It’s been five years since Barbour came into fashion with the rise of the heritage trend. Despite them being a bit overexposed in some downtown circles, their waxed cotton coats still remain one of the more classic and handsome outerwear pieces you can wear in the colder months. You can pair one with a chunky sweater and some jeans for a casual look, or layer it over a tweed sport coat or gray flannel suit for something more refined.
If you don’t already have a Barbour jacket, we’ve put together an A-to-Z buyer’s guide on what you should consider before buying.
Which Model Should You Get?
- Bedale: If you only plan to wear with jacket casually – that is, with sweaters and jeans – try the Bedale. It’s a short equestrian jacket with internal sweater cuffs and dual side vents. The slightly shorter length won’t cover the hem of a sport coat, but it’ll may feel more natural given your other outerwear.
- Ashby: Basically a contemporary version of the Bedale, built with longer sleeves, a slightly longer body, and an overall slimmer fit. Good for people who want something that looks a bit more updated.
- Beaufort: This shooting jacket comes with a big game pocket at the back and a slightly longer body (about 2.5 inches). The extra length makes this a bit more versatile, as you can wear it with or without a sport coat. Downside: the adjustable Velcro cuffs aren’t as comfy as the Bedale’s sweaters cuffs, and the ventless back means the jacket can ride up when you put your hands in your trouser pockets. For a heavier, more rugged version of the Beaufort, search eBay for the now-discontinued Moorland.
- Border: A couple of inches longer still, this jacket ends right above your knees. Good if you want extra rain protection, but the added length makes this less versatile than the Bedale or Beaufort. On the other hand, if you’re super tall, the Border may be your model if you want to wear your jacket with a sport coat. For an even heavier version, check out the Northumbria.
- International: A belted motorcycle jacket popularly associated with Steve McQueen. I find these look best with gray sweatshirts, worn-in jeans, and hefty boots.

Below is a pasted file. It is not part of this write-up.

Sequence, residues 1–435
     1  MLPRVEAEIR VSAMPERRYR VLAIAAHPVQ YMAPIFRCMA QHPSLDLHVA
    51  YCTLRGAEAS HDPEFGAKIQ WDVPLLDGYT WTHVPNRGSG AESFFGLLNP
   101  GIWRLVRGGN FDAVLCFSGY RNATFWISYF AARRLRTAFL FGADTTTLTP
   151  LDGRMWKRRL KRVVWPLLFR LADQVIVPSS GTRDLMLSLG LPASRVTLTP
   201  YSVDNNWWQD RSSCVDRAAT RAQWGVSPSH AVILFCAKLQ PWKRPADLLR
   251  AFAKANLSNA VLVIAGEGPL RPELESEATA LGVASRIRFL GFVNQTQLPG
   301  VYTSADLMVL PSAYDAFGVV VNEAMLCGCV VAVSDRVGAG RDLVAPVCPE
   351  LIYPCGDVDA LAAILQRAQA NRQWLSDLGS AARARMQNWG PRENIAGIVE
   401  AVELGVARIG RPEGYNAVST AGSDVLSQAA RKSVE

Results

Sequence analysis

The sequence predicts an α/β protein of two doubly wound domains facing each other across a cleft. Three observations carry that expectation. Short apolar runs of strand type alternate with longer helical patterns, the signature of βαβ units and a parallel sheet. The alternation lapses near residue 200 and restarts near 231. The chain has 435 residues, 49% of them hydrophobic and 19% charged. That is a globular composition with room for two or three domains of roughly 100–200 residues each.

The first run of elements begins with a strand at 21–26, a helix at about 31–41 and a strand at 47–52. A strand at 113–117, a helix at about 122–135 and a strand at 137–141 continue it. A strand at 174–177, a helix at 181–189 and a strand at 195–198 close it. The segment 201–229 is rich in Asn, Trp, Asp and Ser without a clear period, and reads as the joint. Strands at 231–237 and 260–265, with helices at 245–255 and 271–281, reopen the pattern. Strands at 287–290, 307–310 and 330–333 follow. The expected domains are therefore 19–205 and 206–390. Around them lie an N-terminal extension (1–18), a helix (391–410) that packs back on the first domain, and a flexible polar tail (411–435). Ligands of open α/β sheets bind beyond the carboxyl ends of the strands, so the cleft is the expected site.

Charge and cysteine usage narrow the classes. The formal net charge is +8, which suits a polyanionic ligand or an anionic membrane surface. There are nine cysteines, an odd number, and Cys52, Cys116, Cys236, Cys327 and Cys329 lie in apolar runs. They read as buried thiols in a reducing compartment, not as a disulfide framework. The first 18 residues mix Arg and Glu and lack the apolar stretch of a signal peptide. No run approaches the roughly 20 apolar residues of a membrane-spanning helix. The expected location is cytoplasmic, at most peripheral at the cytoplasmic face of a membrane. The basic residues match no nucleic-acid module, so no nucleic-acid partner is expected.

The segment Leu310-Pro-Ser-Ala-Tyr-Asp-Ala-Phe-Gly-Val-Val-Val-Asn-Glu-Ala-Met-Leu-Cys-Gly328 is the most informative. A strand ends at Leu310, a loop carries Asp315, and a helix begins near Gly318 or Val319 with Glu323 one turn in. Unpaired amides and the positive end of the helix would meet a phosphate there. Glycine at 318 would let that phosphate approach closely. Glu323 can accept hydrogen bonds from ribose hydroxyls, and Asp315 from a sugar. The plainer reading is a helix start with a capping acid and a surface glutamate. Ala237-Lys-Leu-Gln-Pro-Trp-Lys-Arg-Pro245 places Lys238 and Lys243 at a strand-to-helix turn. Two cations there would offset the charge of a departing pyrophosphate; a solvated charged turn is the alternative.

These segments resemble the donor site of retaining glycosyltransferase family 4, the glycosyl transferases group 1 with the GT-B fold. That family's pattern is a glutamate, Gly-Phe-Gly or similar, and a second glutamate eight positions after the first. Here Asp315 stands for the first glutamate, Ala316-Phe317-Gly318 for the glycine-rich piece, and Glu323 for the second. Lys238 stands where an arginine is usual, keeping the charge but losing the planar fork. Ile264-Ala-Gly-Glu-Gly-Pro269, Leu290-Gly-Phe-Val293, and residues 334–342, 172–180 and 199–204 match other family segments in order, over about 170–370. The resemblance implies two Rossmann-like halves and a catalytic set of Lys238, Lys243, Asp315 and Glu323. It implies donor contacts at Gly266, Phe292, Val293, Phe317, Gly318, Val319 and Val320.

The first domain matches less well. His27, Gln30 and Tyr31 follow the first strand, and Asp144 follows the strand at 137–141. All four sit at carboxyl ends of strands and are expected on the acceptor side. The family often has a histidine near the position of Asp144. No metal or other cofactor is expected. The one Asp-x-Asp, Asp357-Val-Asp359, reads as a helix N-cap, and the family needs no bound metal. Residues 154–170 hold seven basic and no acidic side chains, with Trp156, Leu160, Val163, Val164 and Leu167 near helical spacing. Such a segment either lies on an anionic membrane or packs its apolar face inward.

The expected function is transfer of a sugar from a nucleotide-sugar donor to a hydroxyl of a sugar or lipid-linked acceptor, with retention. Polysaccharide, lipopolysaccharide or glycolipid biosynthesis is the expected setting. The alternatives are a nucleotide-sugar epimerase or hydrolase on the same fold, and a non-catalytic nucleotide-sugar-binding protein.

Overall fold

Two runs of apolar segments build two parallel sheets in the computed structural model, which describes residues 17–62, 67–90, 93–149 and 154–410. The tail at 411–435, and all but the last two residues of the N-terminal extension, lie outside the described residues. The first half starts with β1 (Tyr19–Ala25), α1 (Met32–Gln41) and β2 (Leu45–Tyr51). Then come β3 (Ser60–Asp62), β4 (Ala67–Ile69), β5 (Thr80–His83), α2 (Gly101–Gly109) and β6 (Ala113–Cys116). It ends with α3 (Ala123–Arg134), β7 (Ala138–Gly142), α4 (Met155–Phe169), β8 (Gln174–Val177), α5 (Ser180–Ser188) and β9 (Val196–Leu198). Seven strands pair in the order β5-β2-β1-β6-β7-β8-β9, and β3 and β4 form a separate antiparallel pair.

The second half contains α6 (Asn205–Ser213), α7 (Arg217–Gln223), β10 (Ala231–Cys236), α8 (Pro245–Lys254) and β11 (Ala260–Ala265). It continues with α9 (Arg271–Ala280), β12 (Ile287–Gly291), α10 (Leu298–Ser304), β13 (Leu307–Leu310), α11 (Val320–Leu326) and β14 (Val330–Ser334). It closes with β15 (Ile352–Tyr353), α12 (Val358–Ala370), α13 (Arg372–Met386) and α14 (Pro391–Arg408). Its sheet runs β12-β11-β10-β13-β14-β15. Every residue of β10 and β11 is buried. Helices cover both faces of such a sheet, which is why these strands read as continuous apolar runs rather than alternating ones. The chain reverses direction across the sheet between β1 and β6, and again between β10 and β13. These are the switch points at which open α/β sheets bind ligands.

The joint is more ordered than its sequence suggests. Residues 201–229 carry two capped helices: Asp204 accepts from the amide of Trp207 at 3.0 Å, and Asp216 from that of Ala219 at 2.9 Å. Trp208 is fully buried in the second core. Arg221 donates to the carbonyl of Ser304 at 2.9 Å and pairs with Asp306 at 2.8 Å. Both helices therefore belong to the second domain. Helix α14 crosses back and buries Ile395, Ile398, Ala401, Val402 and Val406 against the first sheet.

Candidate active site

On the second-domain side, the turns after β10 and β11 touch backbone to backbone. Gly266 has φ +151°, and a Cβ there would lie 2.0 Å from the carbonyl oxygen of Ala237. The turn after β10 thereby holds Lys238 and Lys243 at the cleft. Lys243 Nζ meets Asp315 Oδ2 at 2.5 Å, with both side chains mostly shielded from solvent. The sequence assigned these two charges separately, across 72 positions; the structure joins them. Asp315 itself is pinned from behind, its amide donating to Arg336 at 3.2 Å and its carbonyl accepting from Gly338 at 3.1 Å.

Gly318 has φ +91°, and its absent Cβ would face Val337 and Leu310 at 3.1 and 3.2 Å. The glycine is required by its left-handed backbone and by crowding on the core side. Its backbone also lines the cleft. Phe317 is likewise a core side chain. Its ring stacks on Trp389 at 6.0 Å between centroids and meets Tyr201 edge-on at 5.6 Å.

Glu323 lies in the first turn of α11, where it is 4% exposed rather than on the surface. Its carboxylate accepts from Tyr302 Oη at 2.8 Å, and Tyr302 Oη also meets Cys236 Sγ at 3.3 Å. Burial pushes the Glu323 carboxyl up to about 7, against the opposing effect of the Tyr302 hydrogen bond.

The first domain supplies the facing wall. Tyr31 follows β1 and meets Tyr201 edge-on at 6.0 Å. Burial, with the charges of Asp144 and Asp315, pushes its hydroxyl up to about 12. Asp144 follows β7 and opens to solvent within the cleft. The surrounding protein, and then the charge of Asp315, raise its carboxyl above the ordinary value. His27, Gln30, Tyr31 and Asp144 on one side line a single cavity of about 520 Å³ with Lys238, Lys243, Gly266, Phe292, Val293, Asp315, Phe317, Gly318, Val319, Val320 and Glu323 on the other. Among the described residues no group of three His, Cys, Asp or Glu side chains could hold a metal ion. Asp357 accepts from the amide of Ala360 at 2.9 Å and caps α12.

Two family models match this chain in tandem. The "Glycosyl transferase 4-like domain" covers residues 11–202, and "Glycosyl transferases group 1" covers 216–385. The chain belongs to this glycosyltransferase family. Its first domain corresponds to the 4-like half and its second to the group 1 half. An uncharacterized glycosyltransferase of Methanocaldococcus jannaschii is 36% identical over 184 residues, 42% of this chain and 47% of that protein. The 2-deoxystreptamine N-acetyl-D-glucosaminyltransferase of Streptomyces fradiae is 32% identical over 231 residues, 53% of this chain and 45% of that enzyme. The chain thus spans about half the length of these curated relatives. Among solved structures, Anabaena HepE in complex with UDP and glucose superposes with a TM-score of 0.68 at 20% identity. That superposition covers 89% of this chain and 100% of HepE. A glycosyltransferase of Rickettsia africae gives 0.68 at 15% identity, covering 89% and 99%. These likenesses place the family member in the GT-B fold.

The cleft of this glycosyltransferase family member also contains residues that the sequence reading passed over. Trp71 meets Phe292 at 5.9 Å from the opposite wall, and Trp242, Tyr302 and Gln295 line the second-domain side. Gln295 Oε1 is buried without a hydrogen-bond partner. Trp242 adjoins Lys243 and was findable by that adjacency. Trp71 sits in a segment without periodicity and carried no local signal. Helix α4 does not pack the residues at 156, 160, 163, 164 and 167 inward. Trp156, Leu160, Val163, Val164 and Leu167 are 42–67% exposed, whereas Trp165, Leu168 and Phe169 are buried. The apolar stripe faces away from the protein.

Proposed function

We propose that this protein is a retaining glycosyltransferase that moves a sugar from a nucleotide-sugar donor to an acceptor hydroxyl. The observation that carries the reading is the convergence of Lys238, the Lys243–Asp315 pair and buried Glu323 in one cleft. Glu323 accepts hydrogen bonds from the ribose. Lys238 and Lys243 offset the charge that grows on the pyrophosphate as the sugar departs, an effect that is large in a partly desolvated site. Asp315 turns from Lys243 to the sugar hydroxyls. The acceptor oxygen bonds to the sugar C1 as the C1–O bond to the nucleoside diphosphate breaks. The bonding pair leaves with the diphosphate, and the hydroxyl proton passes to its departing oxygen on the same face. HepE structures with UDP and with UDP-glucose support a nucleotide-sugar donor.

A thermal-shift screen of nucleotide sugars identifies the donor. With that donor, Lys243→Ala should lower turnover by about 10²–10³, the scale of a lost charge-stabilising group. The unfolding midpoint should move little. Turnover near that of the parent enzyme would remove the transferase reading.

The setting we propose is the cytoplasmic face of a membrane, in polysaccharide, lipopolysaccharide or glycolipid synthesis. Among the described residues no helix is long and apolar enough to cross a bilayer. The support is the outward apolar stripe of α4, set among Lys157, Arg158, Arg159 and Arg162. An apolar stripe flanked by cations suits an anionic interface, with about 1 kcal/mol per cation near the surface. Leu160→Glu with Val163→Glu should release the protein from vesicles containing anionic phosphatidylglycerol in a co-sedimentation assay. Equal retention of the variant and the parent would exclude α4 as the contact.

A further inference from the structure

- Sapper: If you want to stand out from the Barbour-wearing crowd, try this military-style field jacket, which comes with a stowaway hood and an adjustable drawstring waist. Perfect for days when you might face a bit of light rain.
- Liddesdale: The company’s signature quilted jacket. Not as heavy duty as the models listed above, but relatively affordable and wearable in all but the coldest of conditions.
- Chelsea: Another quilted jacket model, but this time built with slanted, flapped pockets instead of patched. If you think the Liddesdale looks too much like a liner, this might be for you.
What are the Available Colors?
Barbour’s most iconic colors are green, but there are two kinds – sage and olive. Sage is a deep forest green, whereas olive (which is Barbour’s original color) is a bit more brown. One thing to note: sage has a slightly shinier, “wetter” look at first, although the finish quickly wears off. Some also say that olive develops a more interesting patina over time, as the cotton isn’t as heavily processed before waxing.
Other available colors include black, navy, dark brown, and sometimes tan. Although, if this is your first coat, I recommend sage or olive (and mostly olive).
Other Details to Look Out For
- Sizing: Sizing can be tricky. Classic, core-line models such as the Bedale, Beaufort, and Border fit somewhat full, but you’ll want to take into account whether you plan to layer a sport coat or suit jacket underneath. Go true-to-size if you do; size down one if you don’t. Also, note that the seasonal models, fashion-forward lines, Heritage collections, and SL-fits already come trim, so buy your regular size. When in doubt, purchase from a place that allows for easy exchanges and returns.
- Alterations: The core-line coats are notorious for having short sleeves, so you’ll want to factor in $75 to $100 for alterations. You can get those done by sending the jacket back to Barbour or dropping it off at your local Orvis. See here for a list of available services.
- Provenance: If the country-of-manufacture matters to you, note that the core-line models are made in the UK, while most everything else is made in other countries (often Eastern Europe). Personally, I wouldn’t let the outsourced coats deter you – these are all wonderful jackets.
- Beware of Fakes: There are a ton of fake sites on the internet claiming to sell Barbours for cheap, but they’re just trying to steal your credit card information. Buy only from trusted sources. I recommend End, Oi Polloi, and Country Attire in the UK; and Orvis, O’Connell’s, Unionmade, North River Outfitter, and Nordstrom in the US.
- Consider eBay: As always, your cheapest source will be eBay, but note that second-hand Barbours can come with an old, musty smell that’s hard to get out. Be aware of what you’re buying.
(photo via The Sartorialist)